Q3 Canalys PC Data: The PC Market's Demise Is Way Overstated

Q3 Canalys PC Data: The PC Market’s Demise Is Way Overstated

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Q3 Canalys PC Data: The PC Market's Demise Is Way Overstated

The News: The worldwide PC market grew 4.7 percent in the third quarter of 2019 to 70.9 million units, the highest growth for the sector since the first quarter of 2012, according to a Thursday report by Canalys.

Lenovo and HP ranked first and second, with the former shipping 17.3 million units and the latter 16.7 million units. Dell came in third place, shipping 12.1 million PCs in the third quarter. Apple landed in fourth place with 5.4 million shipments, and Acer in fifth with 4.9 million. Read the full news on CNET.

Year Over Year Market Share Growth by Top 5 PC Manufacturer’s 

Overall PC Market Share Data by Manufacturer

Analyst Take: Over the past few years (Read: Decade), the emergence of mobile devices, tablets and phablets have let to a glut of claims that the PC’s lifespan was coming to an end. 

Over the past few years, the sales growth hasn’t been outstanding, but the category has hardly been falling. Some of the short-term declines in PC sales could easily be attributed to an ongoing chip shortage that has plagued the industry. Other factors include the significant performance and quality improvements that have led to consumers being able to use PC’s for a longer period of time and enterprises being able to slow refresh cycles that can lead to significant single quarter volumes. 

It’s also worth noting that the newest generation of Windows is a significantly better experience than versions of yesteryear; all of which is making the PC more compelling. Still yet Chrome Books have done well in education and have helped flesh out a new category of low cost, simple to use machines that btw, our youth are growing up on and may be inclined to utilize as they cross into professional careers. 

2 in 1, ACPC, Longer Battery Life and Workstations(?)

A few of the trends that are driving the growth of PC’s are the more common 2 in 1, which started with the Lenovo Yoga. People like the tablet and PC function in a single device. 

I’m also bullish on Always Connected PC’s (ACPC), which are going to become a more common feature in new machines. This feature entails LTE or eventually 5G so that the PC is connected like our mobile devices. 

The architecture that is building these faster, easier to use, connected PC’s is also leading to longer battery life. We are seeing 12 to 18 hours of use far more common. That has come from improved chip architecture via Intel, AMD and ARM. Having a device that is always connected at high speed and lasts 18 hours is appealing, and the pricing has continued to make these types of devices affordable.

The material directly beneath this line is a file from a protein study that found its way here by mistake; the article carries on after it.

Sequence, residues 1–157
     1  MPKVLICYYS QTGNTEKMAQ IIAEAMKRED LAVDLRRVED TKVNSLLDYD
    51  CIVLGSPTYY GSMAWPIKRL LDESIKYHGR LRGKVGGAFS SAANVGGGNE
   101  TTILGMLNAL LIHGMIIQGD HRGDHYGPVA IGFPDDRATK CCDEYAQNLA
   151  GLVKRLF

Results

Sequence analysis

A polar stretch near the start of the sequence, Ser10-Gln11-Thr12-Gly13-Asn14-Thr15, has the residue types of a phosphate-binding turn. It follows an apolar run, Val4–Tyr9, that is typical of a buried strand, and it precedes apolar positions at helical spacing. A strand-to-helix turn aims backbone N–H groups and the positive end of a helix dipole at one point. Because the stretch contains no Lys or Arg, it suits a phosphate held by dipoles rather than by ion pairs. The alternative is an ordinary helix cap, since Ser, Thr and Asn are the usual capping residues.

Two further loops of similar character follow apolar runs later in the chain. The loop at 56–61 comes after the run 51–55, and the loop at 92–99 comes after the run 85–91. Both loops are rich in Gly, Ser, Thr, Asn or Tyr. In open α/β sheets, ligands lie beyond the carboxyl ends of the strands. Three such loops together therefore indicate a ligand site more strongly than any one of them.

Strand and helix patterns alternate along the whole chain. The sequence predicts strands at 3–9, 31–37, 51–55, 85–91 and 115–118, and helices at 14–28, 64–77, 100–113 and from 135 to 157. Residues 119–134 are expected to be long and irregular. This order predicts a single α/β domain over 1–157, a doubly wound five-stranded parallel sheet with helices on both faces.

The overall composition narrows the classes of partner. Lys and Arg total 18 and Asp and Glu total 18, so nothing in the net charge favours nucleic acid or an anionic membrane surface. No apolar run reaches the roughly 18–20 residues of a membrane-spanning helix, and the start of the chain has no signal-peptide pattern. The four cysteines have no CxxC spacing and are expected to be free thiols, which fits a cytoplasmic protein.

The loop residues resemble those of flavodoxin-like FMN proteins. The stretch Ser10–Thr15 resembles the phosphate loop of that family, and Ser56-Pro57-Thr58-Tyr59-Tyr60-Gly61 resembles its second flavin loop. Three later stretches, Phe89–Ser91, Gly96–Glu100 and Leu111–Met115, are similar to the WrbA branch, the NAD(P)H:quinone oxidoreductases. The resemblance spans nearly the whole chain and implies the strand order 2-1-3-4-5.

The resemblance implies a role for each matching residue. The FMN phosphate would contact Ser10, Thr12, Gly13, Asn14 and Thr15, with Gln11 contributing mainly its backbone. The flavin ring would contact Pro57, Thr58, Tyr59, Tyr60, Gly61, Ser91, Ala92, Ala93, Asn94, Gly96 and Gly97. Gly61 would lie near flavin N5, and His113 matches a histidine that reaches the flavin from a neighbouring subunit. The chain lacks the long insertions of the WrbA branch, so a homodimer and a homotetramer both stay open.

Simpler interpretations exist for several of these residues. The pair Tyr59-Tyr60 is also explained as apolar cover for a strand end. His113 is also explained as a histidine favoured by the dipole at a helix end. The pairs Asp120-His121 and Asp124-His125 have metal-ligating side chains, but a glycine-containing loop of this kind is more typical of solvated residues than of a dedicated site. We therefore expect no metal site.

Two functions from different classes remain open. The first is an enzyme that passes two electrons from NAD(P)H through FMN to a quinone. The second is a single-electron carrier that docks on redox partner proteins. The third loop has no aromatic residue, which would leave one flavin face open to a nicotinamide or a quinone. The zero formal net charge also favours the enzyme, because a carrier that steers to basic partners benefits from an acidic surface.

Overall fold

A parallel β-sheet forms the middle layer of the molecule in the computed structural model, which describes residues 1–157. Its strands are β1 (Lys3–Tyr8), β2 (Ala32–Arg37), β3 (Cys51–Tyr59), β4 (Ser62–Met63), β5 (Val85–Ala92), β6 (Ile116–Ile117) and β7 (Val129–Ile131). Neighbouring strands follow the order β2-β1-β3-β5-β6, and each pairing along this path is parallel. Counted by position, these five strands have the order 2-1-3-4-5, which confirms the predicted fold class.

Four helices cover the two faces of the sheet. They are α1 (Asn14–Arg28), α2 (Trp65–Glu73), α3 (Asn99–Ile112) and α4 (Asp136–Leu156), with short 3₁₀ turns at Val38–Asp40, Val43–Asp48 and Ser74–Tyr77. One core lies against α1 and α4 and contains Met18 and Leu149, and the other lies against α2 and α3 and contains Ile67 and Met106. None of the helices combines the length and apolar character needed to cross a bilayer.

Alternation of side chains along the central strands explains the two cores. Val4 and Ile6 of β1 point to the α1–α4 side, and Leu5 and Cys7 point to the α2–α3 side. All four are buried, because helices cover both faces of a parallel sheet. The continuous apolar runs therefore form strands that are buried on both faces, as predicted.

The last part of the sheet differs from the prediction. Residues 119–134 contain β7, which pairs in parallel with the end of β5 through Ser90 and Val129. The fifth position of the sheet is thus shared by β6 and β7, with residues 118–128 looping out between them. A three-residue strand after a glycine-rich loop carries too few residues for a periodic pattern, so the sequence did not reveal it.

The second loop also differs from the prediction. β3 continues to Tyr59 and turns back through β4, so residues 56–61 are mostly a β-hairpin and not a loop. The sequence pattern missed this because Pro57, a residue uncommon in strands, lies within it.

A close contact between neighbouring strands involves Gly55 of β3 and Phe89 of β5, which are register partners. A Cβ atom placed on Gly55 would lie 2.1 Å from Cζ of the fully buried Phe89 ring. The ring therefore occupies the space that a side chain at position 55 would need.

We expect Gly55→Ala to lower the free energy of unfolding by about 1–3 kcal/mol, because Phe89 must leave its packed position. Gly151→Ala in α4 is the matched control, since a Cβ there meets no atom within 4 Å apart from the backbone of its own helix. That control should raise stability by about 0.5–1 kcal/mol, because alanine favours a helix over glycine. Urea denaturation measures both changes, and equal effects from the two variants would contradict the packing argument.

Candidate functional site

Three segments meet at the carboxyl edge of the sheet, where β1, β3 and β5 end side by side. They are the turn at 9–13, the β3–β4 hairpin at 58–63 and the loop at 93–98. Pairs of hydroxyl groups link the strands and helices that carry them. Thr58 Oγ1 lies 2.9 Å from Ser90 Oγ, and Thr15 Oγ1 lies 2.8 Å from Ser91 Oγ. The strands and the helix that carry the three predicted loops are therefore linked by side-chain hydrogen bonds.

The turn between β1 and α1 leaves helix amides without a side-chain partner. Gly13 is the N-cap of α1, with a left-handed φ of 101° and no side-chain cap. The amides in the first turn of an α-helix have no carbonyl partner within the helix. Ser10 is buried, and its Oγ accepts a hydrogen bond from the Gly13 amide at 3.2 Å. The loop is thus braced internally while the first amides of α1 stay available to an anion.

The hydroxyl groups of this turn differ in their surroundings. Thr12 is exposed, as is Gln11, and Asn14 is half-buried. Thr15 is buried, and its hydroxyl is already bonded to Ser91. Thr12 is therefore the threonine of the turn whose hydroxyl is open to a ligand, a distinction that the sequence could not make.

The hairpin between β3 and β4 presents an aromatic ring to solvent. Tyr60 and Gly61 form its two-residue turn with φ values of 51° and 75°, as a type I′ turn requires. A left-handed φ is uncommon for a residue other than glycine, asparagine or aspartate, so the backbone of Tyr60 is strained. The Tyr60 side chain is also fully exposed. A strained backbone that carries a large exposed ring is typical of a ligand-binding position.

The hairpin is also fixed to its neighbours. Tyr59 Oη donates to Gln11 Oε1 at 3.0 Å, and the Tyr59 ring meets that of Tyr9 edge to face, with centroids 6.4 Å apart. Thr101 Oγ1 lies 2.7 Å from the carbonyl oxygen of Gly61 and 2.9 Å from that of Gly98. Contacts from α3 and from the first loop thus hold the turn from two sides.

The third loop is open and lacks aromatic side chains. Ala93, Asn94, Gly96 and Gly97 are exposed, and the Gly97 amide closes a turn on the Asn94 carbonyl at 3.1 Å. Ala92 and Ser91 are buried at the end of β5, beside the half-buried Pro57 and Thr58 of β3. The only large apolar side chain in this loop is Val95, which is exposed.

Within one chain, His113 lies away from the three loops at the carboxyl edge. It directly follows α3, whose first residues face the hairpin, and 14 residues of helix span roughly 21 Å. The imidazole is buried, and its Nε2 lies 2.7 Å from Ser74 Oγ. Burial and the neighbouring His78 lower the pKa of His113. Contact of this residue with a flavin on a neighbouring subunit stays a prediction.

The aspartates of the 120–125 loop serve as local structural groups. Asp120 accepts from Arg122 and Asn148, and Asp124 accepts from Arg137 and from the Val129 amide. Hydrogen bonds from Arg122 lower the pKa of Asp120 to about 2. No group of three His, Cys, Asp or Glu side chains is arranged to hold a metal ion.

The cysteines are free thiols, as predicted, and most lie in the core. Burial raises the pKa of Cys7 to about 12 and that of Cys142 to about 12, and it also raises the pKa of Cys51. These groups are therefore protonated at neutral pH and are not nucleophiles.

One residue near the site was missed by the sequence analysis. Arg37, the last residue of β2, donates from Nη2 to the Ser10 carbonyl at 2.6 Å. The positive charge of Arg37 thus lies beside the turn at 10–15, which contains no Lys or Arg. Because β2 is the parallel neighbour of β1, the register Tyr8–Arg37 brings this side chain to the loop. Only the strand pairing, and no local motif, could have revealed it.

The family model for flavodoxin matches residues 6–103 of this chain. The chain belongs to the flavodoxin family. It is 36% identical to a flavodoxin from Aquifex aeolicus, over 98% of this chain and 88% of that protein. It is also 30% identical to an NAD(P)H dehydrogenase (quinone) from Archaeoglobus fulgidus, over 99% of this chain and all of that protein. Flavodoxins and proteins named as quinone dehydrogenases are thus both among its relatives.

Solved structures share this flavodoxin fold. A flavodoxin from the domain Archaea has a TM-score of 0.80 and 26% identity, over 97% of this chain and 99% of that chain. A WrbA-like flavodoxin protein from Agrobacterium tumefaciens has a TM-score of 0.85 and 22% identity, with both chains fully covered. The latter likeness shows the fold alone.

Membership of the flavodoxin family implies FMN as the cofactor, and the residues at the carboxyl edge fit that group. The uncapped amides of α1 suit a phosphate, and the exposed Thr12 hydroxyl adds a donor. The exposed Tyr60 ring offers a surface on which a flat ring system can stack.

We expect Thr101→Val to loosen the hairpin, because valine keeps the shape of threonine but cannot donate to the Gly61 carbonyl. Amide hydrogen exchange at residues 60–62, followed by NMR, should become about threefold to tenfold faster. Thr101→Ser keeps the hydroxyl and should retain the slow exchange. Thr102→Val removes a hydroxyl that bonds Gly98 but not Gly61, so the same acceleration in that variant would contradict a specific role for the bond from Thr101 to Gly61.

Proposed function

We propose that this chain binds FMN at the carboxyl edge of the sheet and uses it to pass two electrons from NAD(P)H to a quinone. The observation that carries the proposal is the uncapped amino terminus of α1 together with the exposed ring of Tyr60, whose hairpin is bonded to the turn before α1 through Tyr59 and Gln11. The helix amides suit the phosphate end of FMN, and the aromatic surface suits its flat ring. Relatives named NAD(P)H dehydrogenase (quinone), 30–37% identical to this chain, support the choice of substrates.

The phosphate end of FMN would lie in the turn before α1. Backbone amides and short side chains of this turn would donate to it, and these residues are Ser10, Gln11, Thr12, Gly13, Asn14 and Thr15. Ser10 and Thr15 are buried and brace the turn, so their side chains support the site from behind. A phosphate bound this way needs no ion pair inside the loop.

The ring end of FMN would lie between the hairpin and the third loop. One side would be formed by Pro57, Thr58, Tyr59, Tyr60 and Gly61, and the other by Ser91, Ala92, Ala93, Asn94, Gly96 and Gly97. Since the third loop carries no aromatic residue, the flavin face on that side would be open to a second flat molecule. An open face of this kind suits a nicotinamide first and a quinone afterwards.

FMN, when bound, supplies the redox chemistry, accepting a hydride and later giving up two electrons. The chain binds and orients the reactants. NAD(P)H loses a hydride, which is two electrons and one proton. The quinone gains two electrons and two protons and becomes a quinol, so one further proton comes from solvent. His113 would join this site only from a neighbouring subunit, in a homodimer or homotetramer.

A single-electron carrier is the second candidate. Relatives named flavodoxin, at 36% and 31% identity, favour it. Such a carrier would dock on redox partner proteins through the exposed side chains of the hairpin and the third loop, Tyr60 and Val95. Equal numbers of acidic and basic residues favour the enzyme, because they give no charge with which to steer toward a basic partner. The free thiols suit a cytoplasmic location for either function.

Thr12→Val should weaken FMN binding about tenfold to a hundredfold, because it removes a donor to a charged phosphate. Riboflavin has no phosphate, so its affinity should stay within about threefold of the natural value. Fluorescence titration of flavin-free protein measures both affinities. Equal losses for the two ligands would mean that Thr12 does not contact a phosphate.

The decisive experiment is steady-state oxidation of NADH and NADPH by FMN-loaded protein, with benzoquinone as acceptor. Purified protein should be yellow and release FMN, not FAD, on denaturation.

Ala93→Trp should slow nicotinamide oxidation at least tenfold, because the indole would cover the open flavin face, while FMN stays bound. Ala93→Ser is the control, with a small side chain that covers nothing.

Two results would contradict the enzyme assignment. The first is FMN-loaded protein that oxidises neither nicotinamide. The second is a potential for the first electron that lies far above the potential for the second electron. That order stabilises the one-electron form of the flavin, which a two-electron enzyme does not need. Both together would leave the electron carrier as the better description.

Workstations are a bit of a dark horse here, but they contribute units for gamers and higher demand applications that require a lot of horsepower. These certainly contribute to the overall numbers. 

Expecting to See Microsoft

Recently Microsoft added to its line of PC’s with the new Surface Pro X and updates to its Laptop 3 and Surface 7 lines. I wouldn’t be at all surprised to See Microsoft move beyond other and into the top five within the next 24 months. 

Overall Impressions

The data pretty much speaks for itself. PC’s saw a big jump in year over year shipments and the growth is coming specifically from the big PC manufacturers while Apple isn’t seeing the same kind of growth and smaller players are also not contributing significantly.

Lenovo, HP and Dell have vastly improved their delivery of high quality devices and with the emergence of the 2 in 1 (as noted above), Always Connected PCs and of course much better battery performance. I firmly believe the big three are well positioned to stabilize performance and continue to benefit from the need for more capable PC’s, which mobile devices and foldables won’t be able to address.

Positive data here, good for the industry and the economy to see PC sales growing. 

Futurum Research provides industry research and analysis. These columns are for educational purposes only and should not be considered in any way investment advice.

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Image: Top – Wikipedia. Data- Canalys


The original version of this article was first published on Futurum Research.

Daniel Newman is the Principal Analyst of Futurum Research and the CEO of Broadsuite Media Group. Living his life at the intersection of people and technology, Daniel works with the world’s largest technology brands exploring Digital Transformation and how it is influencing the enterprise. From Big Data to IoT to Cloud Computing, Newman makes the connections between business, people and tech that are required for companies to benefit most from their technology projects, which leads to his ideas regularly being cited in CIO.Com, CIO Review and hundreds of other sites across the world. A 5x Best Selling Author including his most recent “Building Dragons: Digital Transformation in the Experience Economy,” Daniel is also a Forbes, Entrepreneur and Huffington Post Contributor. MBA and Graduate Adjunct Professor, Daniel Newman is a Chicago Native and his speaking takes him around the world each year as he shares his vision of the role technology will play in our future.

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